- The Washington Times - Tuesday, October 5, 2021

NBC used Adele’s “Hello” as a promo to hype the much-anticipated matchup between Tom Brady and Bill Belichick. And after seeing the ratings of “Sunday Night Football,” network executives may be “Rolling in the Deep”… piles of cash. 

Sunday’s dramatic game between the Tampa Bay Buccaneers and New England Patriots that featured a Brady-Belichick showdown produced a whopping 26.75  million viewers on television and 1.83 million on digital streaming platforms — marking NBC’s second most-watched “Sunday Night Football” ever, behind only 2012’s Cowboys-Redskins contest that decided the NFC East. 

The viewership was another gigantic number for the NFL — which has bounced back after a 7% rating drop in 2020. As of last week, the league’s ratings were up 9% — drawing an average of 16.9 million viewers. 

Even as ratings declined last season, the league still dominated the television landscape, accounting for 28 of the top 100 most-watched shows. But a month into the 2021 season, the NFL has produced gains once again.

If the trend holds, the league will see its ratings increase in three of the last four seasons.



“The NFL is back to where it was,” said Patrick Crakes, a former Fox Sports executive who is now a media consultant. “In any operational environment, it’s going to produce good numbers. … Producing viewing increases or staying flat is a major accomplishment in the modern era, given that every second a new option appears to suck people’s attention away from anything, even things they really like.” 

Television ratings, of course, do not instantly translate into a monetary value. But they do reinforce why networks were eager to strike a 13-year, $113 billion media rights deal to re-up with the NFL last spring. Live sports, especially the NFL, are still a hot commodity even as general television viewing has dropped 20% over the last two years.

The reasons for the jump aren’t exactly known, but there are theories. For one, sports viewership has tended to increase as the atmosphere of games looks more normal. Sports ratings appeared to be hurt by the height of the pandemic, with no crowds at many games and an unorthodox sports calendar.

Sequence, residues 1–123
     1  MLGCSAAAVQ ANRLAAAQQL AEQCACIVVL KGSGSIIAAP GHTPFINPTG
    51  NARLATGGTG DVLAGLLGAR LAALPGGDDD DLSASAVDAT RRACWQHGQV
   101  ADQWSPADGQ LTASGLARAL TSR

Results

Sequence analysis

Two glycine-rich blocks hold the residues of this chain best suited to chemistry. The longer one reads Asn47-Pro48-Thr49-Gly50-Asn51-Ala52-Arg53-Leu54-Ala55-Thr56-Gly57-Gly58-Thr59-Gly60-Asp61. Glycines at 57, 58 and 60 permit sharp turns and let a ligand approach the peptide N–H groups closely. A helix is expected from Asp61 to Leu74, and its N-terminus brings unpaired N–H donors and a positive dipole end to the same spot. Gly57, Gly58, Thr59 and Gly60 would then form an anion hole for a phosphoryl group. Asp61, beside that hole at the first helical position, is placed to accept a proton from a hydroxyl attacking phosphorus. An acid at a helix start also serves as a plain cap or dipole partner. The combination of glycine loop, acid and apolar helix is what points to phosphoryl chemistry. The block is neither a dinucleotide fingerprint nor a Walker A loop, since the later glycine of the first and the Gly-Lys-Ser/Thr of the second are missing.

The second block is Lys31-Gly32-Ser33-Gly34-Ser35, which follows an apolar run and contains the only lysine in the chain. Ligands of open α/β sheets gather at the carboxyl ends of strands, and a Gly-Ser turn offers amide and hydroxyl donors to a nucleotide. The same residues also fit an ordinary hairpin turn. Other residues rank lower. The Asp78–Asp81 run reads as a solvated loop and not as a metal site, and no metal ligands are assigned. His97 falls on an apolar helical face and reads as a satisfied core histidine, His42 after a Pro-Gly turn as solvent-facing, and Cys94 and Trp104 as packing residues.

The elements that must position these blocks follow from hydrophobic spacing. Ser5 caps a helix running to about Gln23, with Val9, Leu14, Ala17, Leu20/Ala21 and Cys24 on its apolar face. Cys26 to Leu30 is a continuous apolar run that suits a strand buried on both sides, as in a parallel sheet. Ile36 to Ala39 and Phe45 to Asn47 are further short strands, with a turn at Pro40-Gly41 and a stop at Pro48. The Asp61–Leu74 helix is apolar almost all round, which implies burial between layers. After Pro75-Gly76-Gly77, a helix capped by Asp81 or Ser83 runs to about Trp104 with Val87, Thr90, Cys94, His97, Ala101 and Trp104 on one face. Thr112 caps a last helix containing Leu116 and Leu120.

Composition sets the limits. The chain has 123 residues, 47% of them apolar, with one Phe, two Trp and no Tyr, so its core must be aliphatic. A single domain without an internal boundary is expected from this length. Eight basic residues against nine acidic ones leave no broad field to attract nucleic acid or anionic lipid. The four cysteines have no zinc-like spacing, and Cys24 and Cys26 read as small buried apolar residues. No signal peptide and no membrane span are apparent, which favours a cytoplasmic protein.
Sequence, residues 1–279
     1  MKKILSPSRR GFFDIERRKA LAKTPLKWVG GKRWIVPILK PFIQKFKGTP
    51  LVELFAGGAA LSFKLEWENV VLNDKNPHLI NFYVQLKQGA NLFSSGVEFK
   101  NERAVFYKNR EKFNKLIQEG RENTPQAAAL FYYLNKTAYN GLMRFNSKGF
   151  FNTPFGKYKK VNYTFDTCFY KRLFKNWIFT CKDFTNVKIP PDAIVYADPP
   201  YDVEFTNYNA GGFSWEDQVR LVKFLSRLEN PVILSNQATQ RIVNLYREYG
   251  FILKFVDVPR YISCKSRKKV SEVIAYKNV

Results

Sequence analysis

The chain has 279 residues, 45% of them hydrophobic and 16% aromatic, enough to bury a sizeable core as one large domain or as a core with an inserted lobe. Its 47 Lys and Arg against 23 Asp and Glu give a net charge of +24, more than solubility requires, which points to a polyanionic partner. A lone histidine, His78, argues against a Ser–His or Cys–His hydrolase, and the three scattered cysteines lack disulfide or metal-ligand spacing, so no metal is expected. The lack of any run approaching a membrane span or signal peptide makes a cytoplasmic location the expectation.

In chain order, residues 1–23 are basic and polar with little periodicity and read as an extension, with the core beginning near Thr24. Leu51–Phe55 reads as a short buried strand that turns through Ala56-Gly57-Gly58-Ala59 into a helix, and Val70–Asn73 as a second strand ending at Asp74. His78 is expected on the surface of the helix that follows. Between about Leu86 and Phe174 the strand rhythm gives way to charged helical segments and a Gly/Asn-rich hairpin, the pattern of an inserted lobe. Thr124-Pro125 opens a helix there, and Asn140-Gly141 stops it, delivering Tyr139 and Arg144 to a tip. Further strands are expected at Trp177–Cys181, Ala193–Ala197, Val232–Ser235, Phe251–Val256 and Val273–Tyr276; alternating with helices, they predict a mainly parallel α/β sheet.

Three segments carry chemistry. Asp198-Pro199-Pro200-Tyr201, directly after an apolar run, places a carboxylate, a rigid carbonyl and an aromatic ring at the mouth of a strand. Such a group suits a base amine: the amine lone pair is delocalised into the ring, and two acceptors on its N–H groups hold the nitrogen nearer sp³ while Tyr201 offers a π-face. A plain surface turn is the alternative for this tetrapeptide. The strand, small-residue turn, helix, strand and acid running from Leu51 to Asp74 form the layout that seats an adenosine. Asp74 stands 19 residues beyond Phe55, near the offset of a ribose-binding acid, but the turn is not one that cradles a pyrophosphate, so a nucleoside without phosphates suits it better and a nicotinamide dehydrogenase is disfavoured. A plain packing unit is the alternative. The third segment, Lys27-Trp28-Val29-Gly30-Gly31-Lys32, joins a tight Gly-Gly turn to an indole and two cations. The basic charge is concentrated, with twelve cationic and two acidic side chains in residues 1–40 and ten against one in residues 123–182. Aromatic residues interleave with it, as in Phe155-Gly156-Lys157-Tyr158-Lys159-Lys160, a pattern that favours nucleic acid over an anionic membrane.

Drama helps, too. This NFL season has already seen a lot of close games. According to ESPN, there have been 15 contests in which the game-winning score happened in the final minute of regulation or in overtime — the most through the first four weeks of a season in the past 50 years.

Crakes said close games have been a factor, but shouldn’t be seen as the primary narrative. People, he said, were likely to tune into Brady against Belichick — regardless of the fact the 19-17 Buccaneers victory came down to a missed field-goal attempt in the final minute. 

Instead, Crakes floated that star power has boosted the ratings. The Dallas Cowboys — which has held the “America’s Team” nickname for more than 40 years — appear to be a contender once again, helping draw ratings. The season opener between the Buccaneers and the Cowboys drew 24.8 million viewers, while the Cowboys’ Week 2 showdown with the Chargers drew 24.3 million. 

According to the Los Angeles Times, three of the league’s four network partners saw a ratings bump through the first three weeks of the season. CBS’ Sunday games increased 17%, while NBC (12%) and ESPN (17%) improved, as well. The only network that saw a dropoff was Fox, though the 13% dip was possibly due to the Green Bay Packers’ blowout loss that aired in Week 1. 

“This platform, with this content, does big numbers,” Crakes said. “And it can do extraordinary numbers if you have the right story and the right quality of game attached to it.”

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